As a Saudi citizen exiled in Washington, D.C., since 2000, Ali al Ahmed has experienced first-hand what the Saudi government is willing to do to silence its critics inside and outside the country.
By Ali al Ahmed
The murder of Saudi writer Jamal Khashoggi in Istanbul after visiting the Saudi consulate there on Oct. 2 is disturbing but not surprising to me and other dissident writers and activists who provide a critical view of the kingdom and have paid for it, usually with exile or prosecution of our family members.
As a Saudi citizen exiled in Washington, D.C., since 2000, I have seen and experienced first-hand what the government is willing to do to silence its critics inside and outside the country. These actions date back to as early as 1979, when dissident activist and author Naser Al Saeed was abducted from Beirut, Lebanon, in December of that year.
His fate remains unknown, but it is widely believed that the Saudi intelligence service paid PLO gunmen to kidnap and fly him back to Riyadh, where he was secretly killed. (Ironically, Khashoggi worked for many years with Turki Al Faisal, the man who ran Saudi intelligence at the time and is suspected of carrying out that operation.)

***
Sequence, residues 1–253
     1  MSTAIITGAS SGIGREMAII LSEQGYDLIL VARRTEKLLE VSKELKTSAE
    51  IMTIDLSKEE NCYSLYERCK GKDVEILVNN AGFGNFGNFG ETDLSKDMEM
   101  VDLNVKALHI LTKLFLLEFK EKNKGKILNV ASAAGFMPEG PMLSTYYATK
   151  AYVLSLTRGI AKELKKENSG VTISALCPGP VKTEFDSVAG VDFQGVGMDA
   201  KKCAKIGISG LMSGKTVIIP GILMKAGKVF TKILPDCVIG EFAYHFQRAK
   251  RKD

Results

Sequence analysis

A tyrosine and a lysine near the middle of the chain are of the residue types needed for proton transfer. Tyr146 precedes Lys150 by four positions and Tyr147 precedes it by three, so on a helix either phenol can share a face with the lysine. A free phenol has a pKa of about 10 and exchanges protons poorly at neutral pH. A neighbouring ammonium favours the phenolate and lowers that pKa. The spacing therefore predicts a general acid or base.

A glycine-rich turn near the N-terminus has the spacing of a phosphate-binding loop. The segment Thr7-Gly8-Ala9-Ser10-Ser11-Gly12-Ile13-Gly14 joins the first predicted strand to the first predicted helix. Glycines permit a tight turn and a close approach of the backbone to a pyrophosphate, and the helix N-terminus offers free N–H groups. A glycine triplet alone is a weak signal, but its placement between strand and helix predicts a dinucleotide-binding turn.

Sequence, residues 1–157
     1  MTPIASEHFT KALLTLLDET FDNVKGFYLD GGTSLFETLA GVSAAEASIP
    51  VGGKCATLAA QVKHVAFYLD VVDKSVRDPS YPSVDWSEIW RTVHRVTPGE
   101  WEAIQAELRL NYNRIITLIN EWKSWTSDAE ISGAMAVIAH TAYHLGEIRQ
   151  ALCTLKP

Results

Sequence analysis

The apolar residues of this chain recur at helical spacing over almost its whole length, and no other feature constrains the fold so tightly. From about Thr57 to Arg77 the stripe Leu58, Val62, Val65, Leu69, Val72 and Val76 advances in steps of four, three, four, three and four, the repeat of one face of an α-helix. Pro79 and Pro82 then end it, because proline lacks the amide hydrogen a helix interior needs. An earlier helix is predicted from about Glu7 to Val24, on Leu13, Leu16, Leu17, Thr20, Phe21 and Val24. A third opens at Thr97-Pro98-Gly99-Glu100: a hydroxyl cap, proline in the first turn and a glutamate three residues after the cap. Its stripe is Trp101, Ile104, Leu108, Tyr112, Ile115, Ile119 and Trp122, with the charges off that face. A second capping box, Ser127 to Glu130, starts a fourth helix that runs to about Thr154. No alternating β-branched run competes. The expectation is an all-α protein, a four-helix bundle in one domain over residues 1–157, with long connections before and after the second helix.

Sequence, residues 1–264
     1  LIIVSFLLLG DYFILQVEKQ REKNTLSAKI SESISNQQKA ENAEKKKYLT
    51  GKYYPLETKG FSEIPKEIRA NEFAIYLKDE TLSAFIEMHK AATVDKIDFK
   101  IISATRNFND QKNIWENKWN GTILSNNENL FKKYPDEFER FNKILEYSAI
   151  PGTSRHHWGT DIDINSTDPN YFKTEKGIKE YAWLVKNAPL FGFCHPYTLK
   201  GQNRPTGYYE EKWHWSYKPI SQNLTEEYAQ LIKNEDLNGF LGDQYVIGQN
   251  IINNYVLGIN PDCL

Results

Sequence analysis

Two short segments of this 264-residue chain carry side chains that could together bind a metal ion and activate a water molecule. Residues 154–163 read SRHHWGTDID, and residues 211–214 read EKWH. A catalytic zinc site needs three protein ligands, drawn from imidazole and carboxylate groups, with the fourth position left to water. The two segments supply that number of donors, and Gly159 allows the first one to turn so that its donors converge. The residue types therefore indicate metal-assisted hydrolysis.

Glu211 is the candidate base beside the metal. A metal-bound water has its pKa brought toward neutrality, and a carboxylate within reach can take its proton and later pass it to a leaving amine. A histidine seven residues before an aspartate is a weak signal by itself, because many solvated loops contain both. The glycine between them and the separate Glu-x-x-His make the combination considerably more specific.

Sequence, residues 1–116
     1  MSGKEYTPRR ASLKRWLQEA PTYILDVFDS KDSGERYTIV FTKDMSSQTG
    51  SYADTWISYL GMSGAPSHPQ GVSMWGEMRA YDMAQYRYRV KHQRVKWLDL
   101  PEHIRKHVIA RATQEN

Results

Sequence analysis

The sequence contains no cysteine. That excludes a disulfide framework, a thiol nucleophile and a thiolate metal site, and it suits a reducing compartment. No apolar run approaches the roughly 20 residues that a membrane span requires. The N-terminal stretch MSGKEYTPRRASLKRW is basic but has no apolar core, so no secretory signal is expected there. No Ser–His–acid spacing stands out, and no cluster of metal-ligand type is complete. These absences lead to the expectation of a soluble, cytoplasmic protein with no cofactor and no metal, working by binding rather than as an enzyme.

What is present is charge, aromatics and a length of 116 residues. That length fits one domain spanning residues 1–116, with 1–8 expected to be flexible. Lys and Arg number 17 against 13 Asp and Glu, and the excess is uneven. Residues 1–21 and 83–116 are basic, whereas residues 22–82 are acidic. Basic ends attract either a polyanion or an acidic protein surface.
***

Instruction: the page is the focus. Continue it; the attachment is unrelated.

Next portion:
Opposing the Saudi royal family — especially if you advocate a progressive alternative to the current regime — is a dangerous undertaking, a fact that has never been far from my mind since moving to Washington in 2000 after my graduate studies in Minneapolis.
Once I became a recognized voice for reform and democracy, the Saudi government used carrots and sticks to silence me. In March 2004, the Saudi Embassy seized my passport when I attempted to renew it and offered me a one-way ticket home. The government has since quietly made me a stateless person by rescinding my nationality, which I discovered only when my family tried to process a legal document back home.
The monarchy has also been trying to convince me to return home since 2002. In 2007, a senior Saudi intelligence officer traveled to Washington to arrange a meeting between former Saudi crown and then head of Saudi intelligence (and brother of the present King), Prince Muqrin bin Abdulaziz, and myself at the…